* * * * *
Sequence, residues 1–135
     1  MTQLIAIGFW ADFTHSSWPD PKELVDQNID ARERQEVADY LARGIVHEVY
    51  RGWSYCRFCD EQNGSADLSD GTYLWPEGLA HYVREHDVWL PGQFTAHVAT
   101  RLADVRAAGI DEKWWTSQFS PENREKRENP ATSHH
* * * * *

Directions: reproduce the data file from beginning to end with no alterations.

Sequence, residues 1–135
     1  MTQLIAIGFW ADFTHSSWPD PKELVDQNID ARERQEVADY LARGIVHEVY
    51  RGWSYCRFCD EQNGSADLSD GTYLWPEGLA HYVREHDVWL PGQFTAHVAT
   101  RLADVRAAGI DEKWWTSQFS PENREKRENP ATSHH